visual world paradigm

“Where Are the . . .Fixations?:” Grammatical Number Cues Guide Anticipatory Fixations to Upcoming Referents and Reduce Lexical Competition

Listeners make use of contextual cues during continuous speech processing that help overcome the limitations of the acoustic input. These semantic, grammatical, and pragmatic cues facilitate prediction of upcoming words and/or reduce the lexical search space by inhibiting activation of contextually inappropriate words that share phonological information with the target. The current study used the visual world paradigm to assess whether and how listeners use contextual cues about grammatical number during sentence processing by presenting target words in carrier phrases that were grammatically unconstraining (“Click on the . . .”) or grammatically constraining (“Where is/are the . . .”). Prior to the onset of the target word, listeners were already more likely to fixate on plural objects in the “Where are the . . .” context than the “Where is the . . .” context, indicating that they used the construction of the verb to anticipate the referent. Further, participants showed less interference from cohort competitors when the sentence frame made them contextually inappropriate, but still fixated on those words more than on phonologically unrelated distractor words. These results suggest that listeners rapidly and flexibly make use of contextual cues about grammatical number while maintaining sensitivity to the bottom-up input.

Keep Listening: Grammatical Context Reduces But Does Not Eliminate Activation of Unexpected Words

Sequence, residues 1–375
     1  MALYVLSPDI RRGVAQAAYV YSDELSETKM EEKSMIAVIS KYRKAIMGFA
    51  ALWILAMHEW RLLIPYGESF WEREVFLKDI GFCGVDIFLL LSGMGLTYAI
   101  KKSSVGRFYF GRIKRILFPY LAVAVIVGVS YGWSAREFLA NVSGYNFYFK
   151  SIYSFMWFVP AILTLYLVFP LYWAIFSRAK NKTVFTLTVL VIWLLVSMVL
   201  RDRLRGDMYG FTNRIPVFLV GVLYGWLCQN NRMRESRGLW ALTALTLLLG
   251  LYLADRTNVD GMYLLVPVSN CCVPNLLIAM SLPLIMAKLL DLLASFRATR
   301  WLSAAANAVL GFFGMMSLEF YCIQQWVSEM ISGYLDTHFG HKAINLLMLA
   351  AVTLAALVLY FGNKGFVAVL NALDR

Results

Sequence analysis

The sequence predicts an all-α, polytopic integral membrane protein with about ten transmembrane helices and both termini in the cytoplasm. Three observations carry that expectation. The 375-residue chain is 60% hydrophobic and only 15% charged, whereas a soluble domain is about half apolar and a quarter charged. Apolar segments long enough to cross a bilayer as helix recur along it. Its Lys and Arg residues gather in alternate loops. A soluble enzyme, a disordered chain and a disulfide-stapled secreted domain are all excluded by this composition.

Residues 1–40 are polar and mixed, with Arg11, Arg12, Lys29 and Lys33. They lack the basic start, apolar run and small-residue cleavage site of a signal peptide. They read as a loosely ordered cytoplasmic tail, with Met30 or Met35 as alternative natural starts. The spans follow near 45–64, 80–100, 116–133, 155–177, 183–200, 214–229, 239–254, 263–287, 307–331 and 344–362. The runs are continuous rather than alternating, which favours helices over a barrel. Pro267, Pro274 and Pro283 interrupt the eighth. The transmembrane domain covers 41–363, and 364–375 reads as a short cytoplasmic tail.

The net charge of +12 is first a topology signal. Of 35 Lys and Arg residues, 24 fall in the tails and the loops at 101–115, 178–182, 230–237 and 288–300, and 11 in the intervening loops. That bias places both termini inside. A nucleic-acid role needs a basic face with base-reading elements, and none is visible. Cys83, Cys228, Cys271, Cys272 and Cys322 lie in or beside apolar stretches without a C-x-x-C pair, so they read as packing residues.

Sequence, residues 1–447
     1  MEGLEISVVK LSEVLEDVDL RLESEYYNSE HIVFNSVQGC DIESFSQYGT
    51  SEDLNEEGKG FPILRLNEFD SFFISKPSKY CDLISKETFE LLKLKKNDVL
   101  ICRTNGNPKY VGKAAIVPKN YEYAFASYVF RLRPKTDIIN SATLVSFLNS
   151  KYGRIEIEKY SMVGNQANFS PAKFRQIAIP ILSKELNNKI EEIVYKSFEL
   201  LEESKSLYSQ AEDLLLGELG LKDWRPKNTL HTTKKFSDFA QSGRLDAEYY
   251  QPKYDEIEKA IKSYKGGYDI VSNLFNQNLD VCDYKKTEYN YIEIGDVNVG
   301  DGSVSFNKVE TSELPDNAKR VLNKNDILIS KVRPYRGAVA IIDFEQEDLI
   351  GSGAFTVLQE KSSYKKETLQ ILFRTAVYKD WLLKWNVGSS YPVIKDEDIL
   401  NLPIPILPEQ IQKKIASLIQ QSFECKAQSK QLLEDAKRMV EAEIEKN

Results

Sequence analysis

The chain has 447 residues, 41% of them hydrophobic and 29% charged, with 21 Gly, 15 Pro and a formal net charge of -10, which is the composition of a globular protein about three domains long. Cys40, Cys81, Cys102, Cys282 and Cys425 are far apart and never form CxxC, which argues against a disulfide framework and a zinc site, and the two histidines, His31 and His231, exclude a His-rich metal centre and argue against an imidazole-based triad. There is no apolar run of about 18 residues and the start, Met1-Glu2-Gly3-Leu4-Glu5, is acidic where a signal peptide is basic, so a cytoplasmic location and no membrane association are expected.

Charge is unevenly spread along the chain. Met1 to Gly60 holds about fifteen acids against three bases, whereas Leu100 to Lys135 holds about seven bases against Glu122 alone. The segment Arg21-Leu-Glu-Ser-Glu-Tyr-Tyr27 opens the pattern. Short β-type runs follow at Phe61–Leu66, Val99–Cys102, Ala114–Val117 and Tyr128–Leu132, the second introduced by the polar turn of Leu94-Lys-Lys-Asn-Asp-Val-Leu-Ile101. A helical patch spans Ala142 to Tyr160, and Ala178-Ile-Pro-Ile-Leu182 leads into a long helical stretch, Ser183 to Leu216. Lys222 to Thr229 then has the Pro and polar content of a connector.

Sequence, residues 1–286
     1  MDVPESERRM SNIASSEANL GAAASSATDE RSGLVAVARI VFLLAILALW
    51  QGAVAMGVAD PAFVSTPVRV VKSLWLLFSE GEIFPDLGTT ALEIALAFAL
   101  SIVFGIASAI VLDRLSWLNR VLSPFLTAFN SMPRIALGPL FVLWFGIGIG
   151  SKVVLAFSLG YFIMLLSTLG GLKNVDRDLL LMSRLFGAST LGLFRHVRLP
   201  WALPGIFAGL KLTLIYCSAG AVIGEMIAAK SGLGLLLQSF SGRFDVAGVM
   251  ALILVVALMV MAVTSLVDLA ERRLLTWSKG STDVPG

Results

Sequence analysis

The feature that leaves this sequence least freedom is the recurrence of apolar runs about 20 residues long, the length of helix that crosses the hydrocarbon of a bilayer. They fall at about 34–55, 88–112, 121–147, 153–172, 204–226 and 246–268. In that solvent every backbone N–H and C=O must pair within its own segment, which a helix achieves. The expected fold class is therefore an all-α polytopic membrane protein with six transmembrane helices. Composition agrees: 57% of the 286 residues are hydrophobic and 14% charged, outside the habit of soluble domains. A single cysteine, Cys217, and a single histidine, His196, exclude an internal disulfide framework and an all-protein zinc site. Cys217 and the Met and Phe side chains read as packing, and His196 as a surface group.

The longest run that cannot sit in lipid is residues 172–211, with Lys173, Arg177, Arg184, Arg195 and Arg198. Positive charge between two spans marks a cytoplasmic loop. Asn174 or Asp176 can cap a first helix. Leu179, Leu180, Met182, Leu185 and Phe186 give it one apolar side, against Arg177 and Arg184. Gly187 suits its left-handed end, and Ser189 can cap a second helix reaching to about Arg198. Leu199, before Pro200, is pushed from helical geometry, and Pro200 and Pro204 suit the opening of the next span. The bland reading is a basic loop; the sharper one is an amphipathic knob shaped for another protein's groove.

To understand spoken language, listeners combine acoustic-phonetic input with expectations derived from context (Dahan & Magnuson, 2006). Eye-tracking studies on semantic context have demonstrated that the activation levels of competing lexical candidates depend on the relative strengths of the bottom-up input and top-down expectations (cf. Dahan & Tanenhaus, 2004). In the grammatical realm, however, graded effects of context on lexical competition have been predicted (Magnuson, Tanenhaus, & Aslin, 2008), but not demonstrated. In the current eye-tracking study, participants were presented with target words in grammatically unconstraining (e.g., “The word is . . . ”) or constraining (e.g., “They thought about the . . .”) contexts. In the grammatically constrained, identity-spliced trials, in which phonetic information from one token of the target was spliced into another token of the target, fixations to the competitor did not differ from those to distractors. However, in the grammatically constrained, cross-spliced trials, in which phonetic information from the competitor was cross-spliced into the target to increase bottom-up support for that competitor, participants fixated more on contextually inappropriate competitors than phonologically unrelated distractors, demonstrating that sufficiently strong acoustic-phonetic input can overcome contextual constraints. Thus, although grammatical context constrains lexical activation, listeners remain sensitive to the bottom-up input. Taken together, these results suggest that lexical activation is dependent upon the interplay of acoustic-phonetic input and top-down expectations derived from grammatical context.